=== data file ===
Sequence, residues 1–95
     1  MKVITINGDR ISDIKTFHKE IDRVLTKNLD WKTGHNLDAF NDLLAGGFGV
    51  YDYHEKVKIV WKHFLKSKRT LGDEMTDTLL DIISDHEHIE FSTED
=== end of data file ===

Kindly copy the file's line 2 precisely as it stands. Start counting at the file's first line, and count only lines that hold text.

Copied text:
     1  MKVITINGDR ISDIKTFHKE IDRVLTKNLD WKTGHNLDAF NDLLAGGFGV